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Engine Inlet Barrier Filters - Los Angeles Fire Department Air Operations Division

Los Angeles is home to 3.8 million people and encompasses 465 miles of terrain that is as varied as is its population. From a modern, sophisticated urban center with more traffic than residents can deal with, to rugged hillside areas and occasionally raging storm channels, this is the arena that more times than not the City of Los Angeles Fire Department’s Air Ops Division is called to work in. A hiker falls and sprains their ankle, a brushfire is noticed in the hills, a child falls into a storm channel. In all these scenarios, it is very plausible that one of the Air Support Division’s helicopters will be called to the scene. 

The Los Angeles Fire Department’s Air Support Division has been in operation since 1962. Starting out with one piston engine Bell 47 helicopter, today they operate a fleet of six aircraft that include two Agusta AW139s, two Bell 412EPs, one Bell 412SP and one Bell 206L3. Primary missions are firefighting, EMS and search and hoist rescue in diverse terrain. Southern California’s coastal mountain areas range from sea level to 7,000 feet and offshore rescue responsibilities span from Malibu to San Pedro and Catalina Islands.

I asked Rick Wheeler, LAFD’s Chief Pilot, what led to the decision to install engine inlet barrier filters on the AW139s, their newest aircraft.

“The decision was made to prevent FOD damage,” said Wheeler. “Our missions often require us to use unimproved/off airport landing sites.”

 Having recently visited LA’s General Services Department’s excellent helicopter maintenance facility, I learned that the installation of the inlet barrier filters was accomplished in-house by Allan Rogers and Julio Alecio, two of their helicopter mechanics.

  

I asked Allan if there were any lessons learned on the installation he would like to share with our readers.

“It is always important to keep in mind that obstacles are frequently encountered when doing STC installs,” said Rogers. “Initial installs such as with the barrier filters on our AW139s pose additional challenges. Large manufacturing tolerances on some parts can lead to interference and fitting issues not encountered by future installers. I believe the AW139 engine cowlings have an approximately 0.250-inch tolerance, and this made trimming and fitting the compound curve barrier filter frame a challenge.

“Contacting the manufacturer of the STC usually has things back on track quickly when a deviation is necessary. Previously installed equipment, in this case an intake screen or particle separator may also affect the ease and or choice of installation. One thing that might not be as obvious is the willingness of STC and OEM manufacturers to listen to advice aimed at making an easier or better installation. To their credit, Aerospace Filtration Systems Inc. came to the LA City hangar and talked with us, soliciting our opinions and input.”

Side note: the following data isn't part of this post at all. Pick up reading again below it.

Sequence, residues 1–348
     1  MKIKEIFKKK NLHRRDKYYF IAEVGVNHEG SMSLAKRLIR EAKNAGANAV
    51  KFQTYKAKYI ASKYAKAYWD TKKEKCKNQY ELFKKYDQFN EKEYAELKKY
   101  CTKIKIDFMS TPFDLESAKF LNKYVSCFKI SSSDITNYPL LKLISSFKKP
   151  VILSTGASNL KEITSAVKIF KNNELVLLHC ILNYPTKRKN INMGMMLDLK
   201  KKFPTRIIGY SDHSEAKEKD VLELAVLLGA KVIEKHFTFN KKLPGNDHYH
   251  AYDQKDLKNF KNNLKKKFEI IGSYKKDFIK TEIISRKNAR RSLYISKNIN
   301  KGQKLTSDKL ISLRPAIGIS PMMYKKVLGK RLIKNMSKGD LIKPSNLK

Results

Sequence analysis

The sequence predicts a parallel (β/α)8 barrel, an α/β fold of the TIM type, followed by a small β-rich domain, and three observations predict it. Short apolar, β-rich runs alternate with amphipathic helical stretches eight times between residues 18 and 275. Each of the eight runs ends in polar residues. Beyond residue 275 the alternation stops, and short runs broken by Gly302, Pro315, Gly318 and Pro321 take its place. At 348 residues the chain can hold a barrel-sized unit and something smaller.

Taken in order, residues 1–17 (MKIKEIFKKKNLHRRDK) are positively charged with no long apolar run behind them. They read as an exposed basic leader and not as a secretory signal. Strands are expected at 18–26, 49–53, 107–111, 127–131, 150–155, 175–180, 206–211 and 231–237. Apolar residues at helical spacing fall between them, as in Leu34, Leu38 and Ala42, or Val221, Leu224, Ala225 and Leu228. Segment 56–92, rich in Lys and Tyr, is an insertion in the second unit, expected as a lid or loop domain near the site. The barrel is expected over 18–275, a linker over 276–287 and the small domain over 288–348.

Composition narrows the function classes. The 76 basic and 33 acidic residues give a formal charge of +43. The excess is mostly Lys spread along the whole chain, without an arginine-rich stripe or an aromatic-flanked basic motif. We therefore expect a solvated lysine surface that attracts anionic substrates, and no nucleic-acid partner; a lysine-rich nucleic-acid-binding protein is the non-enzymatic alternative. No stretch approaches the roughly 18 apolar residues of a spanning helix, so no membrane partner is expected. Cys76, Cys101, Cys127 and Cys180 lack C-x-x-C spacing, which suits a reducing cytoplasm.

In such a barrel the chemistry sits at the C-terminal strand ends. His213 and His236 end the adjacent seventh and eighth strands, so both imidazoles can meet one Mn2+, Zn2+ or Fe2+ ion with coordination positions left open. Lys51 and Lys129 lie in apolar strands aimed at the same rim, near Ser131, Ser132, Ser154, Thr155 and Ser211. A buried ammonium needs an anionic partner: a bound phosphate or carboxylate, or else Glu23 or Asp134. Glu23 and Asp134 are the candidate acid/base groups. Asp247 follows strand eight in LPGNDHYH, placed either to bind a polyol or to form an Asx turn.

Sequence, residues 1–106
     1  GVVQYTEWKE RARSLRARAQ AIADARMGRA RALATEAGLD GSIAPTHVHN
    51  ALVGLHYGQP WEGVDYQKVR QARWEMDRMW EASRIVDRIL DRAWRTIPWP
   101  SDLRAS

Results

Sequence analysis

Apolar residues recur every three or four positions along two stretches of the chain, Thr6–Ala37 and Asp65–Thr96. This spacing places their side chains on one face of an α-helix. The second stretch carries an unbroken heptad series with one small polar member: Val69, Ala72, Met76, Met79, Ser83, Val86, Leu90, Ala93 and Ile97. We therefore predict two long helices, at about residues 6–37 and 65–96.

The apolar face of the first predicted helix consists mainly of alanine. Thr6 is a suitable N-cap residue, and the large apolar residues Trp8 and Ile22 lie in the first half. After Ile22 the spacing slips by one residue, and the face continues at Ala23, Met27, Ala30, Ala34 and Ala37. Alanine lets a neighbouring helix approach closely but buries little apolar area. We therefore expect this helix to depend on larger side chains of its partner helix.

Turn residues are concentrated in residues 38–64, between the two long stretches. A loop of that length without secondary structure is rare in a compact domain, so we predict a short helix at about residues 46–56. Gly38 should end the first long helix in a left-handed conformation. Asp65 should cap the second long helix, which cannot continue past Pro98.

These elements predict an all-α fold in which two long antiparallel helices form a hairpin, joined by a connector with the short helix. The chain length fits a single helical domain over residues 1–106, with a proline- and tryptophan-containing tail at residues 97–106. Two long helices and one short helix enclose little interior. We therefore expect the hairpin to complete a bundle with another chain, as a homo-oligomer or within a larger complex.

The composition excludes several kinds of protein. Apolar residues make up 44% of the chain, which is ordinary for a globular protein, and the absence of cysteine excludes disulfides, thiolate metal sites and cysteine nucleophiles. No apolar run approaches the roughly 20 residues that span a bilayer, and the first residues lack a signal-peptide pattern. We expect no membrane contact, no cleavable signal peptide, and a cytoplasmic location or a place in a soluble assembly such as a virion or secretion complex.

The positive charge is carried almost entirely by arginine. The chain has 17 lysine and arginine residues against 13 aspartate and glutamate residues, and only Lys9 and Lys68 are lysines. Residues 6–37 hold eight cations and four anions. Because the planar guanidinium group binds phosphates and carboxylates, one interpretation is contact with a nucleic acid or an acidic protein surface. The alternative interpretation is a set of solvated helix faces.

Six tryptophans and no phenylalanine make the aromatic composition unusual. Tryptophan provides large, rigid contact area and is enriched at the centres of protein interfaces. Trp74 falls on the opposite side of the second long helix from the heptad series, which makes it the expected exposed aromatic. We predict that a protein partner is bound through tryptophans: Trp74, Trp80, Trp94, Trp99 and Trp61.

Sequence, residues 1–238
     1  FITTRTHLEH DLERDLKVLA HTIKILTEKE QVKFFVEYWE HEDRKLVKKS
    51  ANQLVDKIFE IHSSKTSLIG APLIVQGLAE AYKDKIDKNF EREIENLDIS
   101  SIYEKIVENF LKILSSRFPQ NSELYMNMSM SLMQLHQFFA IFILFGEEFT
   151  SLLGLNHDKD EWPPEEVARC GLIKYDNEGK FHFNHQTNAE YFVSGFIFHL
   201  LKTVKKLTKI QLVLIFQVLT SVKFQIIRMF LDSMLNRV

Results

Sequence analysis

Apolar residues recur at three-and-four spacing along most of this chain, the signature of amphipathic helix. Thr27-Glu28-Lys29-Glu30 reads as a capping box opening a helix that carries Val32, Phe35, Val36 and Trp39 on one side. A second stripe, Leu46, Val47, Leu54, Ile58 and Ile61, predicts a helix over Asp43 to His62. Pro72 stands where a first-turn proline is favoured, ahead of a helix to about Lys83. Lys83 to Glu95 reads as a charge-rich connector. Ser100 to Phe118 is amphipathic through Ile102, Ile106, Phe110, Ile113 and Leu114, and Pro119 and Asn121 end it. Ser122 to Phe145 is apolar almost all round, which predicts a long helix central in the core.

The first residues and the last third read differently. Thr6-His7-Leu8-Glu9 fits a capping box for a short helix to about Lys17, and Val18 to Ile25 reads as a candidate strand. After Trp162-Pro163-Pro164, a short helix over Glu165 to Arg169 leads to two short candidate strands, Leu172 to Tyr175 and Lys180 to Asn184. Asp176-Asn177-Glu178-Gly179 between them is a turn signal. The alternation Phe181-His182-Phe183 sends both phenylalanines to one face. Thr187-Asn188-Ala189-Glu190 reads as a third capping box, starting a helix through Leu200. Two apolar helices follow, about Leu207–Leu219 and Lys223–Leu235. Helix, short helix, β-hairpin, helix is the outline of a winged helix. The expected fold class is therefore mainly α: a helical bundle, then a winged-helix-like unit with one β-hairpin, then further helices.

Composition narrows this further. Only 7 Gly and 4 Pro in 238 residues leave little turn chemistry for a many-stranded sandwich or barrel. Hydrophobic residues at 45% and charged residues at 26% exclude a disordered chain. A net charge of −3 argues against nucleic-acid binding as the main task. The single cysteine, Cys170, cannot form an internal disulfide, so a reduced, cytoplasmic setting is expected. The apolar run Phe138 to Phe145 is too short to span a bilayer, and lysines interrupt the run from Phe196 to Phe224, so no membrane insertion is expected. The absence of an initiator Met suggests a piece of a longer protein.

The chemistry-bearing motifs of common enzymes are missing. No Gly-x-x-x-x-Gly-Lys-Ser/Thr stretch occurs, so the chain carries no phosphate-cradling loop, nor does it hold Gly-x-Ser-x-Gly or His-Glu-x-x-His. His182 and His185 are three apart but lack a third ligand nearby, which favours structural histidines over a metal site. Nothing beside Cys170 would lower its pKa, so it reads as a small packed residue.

For those of you who are not familiar with the purpose of engine inlet barrier filters, here it is, in Rogers’ own words:

“The intent of the barrier filters is not to improve performance. Their purpose is to extend the life of the components in the gas path, and prevent FOD. To this end, they have been very effective so far. On a side note, the pilots have reported no degradation of engine performance as is sometimes the case with other types of engine inlet protection.”

Last but not least is the question of what type of maintenance is performed on the filters and how often. The answer may surprise you. Inspection and functional testing for condition, security and operation of the barrier system is carried out at the 300-hour/annual intervals, depending on the particular component. The filters are cleaned OC (on condition) up to the 300-hour/one-year time in service limit for cleaning. The filters can be cleaned a total of fifteen times, after which they are retired.

          

Rick Wheeler started his aviation career driving a fuel truck at Santa Monica airport in California, trading hours worked for flight instruction. He earned his commercial pilots certificate in 1975 and went to work in El Mirage CA as a Glider tow pilot. In 1978 He was hired by the LAFD as a firefighter. On his off duty time he started flying helicopters, got his flight instructor certificate and worked for various helicopter commercial operators in the Van Nuys area. Rick has been flying helicopters with the LAFD since 1982, working with helicopters in firefighting, EMS, hoist rescue and as a firefighter/Pilot flight instructor.

 

            

Allan Rogers started his aviation career as an aero engine mechanic with the Canadian Armed Forces; where he spent 10 years working on such varied aircraft as the beechcraft Musketeer, Bell 206B2, F104 Starfighter and CF18 Hornet. After moving to California and obtaining his A&P license he did a brief stint with Mc Donald Douglas working on MD11’s before settling with the San Bernardino County Sheriff’s Aviation unit. There he worked on Bell, MD, and Eurocopter helicopters as well as the units piston, turboprop and jet aircraft for 12 years. He currently works as a Quality Assurance Supervisor for L.A. Cities Aviation Support Division.